Sam and the Huntington Library and Gardens

My last post was about Sam Maloof, the amazing mid-century craftsman whose home and garden we toured out in Rancho Cucamonga. Before that, we visited the Huntington Library and Gardens in San Marino and saw another exhibit there that featured his work, called The House That Sam Built: Sam Maloof and Art in Pomona. This is one of Maloof’s benches. (The painting is by Karl Benjamin.)


Besides his furniture, the exhibit (part of the Pacific Standard Time series) included art work by about 30 other artists who worked in the same Pomona community during the 50s and 60s and on. (There is a consortium of universities there–Pomona College, Harvey Mudd, Pitzer, etc.)  This painting is by Paul Darrow, an artist who is in his 90s and lives in my hometown of Laguna Beach. He also was my mom’s favorite painting teacher when she attended Clairemont  graduate school in the late 50s.


An artist named Henry Lee McFee (who I’ve never heard of) painted this still life. I love the succulent, which are enjoying such a renaissance in gardening circles these days. It just show that artists have always appreciated their sculptural quality.


Another Pomona-Clairemont arist, Roger Kunz, painted this piece. He also lived in Laguna Beach, but he died in the 70s. I thought it was cool that my mom also took painting from him during this time. My mom passed away just over five years ago–she would have turned 80 last Sunday–so this exhibit was pretty special to me to see. I would have loved to attend it with her and hear her stories from those days. (It also featured ceramics by Paul Soldner, a famous Pomona potter and her ceramics instructor who influenced her greatly.)


This painting is by James Strombotne, a self portrait. His work is shown at a gallery in our town–Joanne Artman–but he taught art in Riverside for 40 years. Coincidentally, one of my best friends, Carey, is married to his son! Check out her blog on his work. The exhibit is outstanding, and features all media–from sculpture to ceramics to paintings and weavings. The Pomona artists’ community there was known to be very mutually supportive, and it’s so cool they are finally being celebrated.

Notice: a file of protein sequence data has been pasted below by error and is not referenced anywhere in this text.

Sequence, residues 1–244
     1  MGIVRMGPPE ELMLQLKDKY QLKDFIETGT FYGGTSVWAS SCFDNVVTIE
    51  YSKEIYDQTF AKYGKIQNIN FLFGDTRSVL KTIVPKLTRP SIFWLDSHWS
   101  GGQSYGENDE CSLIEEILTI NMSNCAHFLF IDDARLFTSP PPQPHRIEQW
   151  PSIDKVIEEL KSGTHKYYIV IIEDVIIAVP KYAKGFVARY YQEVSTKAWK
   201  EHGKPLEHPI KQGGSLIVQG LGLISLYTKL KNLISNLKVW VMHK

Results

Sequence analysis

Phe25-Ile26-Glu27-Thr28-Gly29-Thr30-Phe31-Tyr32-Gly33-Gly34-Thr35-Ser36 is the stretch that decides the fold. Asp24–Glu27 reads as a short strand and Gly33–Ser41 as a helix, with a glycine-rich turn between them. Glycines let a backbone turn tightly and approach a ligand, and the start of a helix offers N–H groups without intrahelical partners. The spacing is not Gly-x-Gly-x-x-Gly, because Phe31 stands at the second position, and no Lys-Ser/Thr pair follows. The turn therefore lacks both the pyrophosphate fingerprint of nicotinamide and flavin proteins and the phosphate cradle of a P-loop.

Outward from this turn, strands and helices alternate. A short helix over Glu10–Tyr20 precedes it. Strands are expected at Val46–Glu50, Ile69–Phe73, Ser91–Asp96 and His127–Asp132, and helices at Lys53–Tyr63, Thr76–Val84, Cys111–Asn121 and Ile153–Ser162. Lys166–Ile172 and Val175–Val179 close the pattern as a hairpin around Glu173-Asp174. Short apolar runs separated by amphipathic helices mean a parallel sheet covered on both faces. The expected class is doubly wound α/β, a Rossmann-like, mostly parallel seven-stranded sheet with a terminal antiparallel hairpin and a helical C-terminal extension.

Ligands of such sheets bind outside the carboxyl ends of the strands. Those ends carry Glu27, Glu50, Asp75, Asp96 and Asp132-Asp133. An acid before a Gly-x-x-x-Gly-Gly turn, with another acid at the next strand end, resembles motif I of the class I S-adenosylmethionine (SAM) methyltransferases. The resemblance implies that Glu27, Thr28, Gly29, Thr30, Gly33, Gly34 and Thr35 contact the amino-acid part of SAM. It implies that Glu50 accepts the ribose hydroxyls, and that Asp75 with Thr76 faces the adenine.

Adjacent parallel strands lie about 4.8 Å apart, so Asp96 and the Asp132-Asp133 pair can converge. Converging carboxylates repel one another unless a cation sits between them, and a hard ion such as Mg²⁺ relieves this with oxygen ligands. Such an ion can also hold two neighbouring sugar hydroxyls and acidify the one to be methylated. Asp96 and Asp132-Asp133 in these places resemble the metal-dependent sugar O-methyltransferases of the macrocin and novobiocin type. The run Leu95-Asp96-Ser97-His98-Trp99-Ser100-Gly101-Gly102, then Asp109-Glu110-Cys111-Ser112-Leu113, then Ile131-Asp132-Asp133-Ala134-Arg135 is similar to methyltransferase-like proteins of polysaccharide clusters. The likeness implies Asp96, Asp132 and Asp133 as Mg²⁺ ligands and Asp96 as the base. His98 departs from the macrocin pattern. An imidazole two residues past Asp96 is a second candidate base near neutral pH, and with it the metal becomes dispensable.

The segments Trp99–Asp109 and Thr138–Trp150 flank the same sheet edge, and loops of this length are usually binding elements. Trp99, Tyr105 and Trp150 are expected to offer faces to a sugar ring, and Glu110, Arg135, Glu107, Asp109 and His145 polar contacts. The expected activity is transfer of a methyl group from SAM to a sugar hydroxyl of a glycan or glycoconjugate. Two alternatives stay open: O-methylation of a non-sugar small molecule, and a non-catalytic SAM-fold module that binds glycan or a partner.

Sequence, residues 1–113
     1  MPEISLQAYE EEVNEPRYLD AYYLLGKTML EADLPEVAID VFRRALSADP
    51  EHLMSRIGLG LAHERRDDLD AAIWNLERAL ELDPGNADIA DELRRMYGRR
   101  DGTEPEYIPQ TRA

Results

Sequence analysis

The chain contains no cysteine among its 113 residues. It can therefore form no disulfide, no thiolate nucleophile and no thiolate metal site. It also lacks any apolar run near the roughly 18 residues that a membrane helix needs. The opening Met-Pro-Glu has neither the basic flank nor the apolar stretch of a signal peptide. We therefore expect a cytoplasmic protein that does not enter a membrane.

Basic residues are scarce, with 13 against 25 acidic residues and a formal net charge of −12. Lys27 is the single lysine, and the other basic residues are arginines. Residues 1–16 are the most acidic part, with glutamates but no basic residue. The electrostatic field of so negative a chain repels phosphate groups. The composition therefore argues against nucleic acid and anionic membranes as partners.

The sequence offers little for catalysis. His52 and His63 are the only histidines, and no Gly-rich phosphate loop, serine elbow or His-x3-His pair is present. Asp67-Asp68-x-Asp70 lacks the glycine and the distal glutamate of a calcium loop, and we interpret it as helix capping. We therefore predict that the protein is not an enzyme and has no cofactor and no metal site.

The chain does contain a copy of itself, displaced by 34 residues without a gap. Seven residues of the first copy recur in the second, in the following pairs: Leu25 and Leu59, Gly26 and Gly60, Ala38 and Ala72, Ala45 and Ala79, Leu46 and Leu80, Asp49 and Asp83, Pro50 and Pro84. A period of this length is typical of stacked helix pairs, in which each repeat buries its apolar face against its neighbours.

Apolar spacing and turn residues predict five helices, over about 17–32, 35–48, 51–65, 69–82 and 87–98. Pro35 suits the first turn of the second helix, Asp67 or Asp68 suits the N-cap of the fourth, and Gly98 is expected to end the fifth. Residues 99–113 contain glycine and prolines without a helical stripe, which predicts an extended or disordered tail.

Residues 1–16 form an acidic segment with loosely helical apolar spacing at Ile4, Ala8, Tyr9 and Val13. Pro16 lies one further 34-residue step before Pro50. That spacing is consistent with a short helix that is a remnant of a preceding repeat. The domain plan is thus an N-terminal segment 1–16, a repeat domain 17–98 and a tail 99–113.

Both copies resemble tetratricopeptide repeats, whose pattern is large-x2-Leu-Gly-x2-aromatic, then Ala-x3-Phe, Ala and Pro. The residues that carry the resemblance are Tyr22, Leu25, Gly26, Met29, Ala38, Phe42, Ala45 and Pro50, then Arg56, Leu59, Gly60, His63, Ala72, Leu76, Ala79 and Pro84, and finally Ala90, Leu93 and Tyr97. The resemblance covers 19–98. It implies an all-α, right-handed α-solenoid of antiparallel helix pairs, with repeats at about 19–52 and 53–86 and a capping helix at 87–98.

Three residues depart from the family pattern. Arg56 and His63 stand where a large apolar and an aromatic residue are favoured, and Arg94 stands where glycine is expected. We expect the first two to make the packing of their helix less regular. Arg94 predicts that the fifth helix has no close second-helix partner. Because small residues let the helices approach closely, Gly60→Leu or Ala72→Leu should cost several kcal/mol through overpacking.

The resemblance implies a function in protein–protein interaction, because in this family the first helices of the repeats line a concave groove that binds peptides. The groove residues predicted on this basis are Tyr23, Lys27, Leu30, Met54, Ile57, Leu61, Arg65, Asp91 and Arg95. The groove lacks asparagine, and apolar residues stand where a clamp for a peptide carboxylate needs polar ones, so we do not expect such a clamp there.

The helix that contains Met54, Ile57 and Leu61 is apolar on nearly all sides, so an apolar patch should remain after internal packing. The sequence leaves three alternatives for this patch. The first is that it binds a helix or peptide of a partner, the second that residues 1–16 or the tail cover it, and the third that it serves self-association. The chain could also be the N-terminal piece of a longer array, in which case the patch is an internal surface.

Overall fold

If you are into woodworking, Maloof’s work is exquisite. This is one of his chairs, all hand-crafted. (The painting, “Little Old Windmill,” is by Emil Kosa.)
After enjoying the exhibit, we had to check out the gardens. This is the best art of all! We all agreed to head to our favorite part–the desert garden. (The place is huge!) It was a gorgeous day, warm and sunny. (We have yet to have winter. Today was in the 80s.)



The aloe was going off.



I don’t have much to add to these photos, so just check out as much as you want from here.














Is this place unreal? All I can say is GO!! Doesn’t matter what time of year–something is always spectacular. But if you want to catch the Sam Maloof exhibit, you must go by…oh no! It ended Jan. 30. Well, dang it all. Click here for a wonderful tour on the blog Mid-Centuria.  But the Huntington Garden and Library is open all the time!!

Happy Birthday, Mom!

Here’s the beautiful catalog (coffee table book) from the exhibit. I bought a copy and love it!
(Click link or image to buy one.)

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One thought on “Sam and the Huntington Library and Gardens

  1. Thanks for the tour…it is only a day's drive from here. Work always gets in the way! Visited there once in 1989, and the art work would be worth it, but the gardens…mmmm! The Sam Maloof piece you show looks perfect for all the mid-century modern architecture I am starting to expose myself to.

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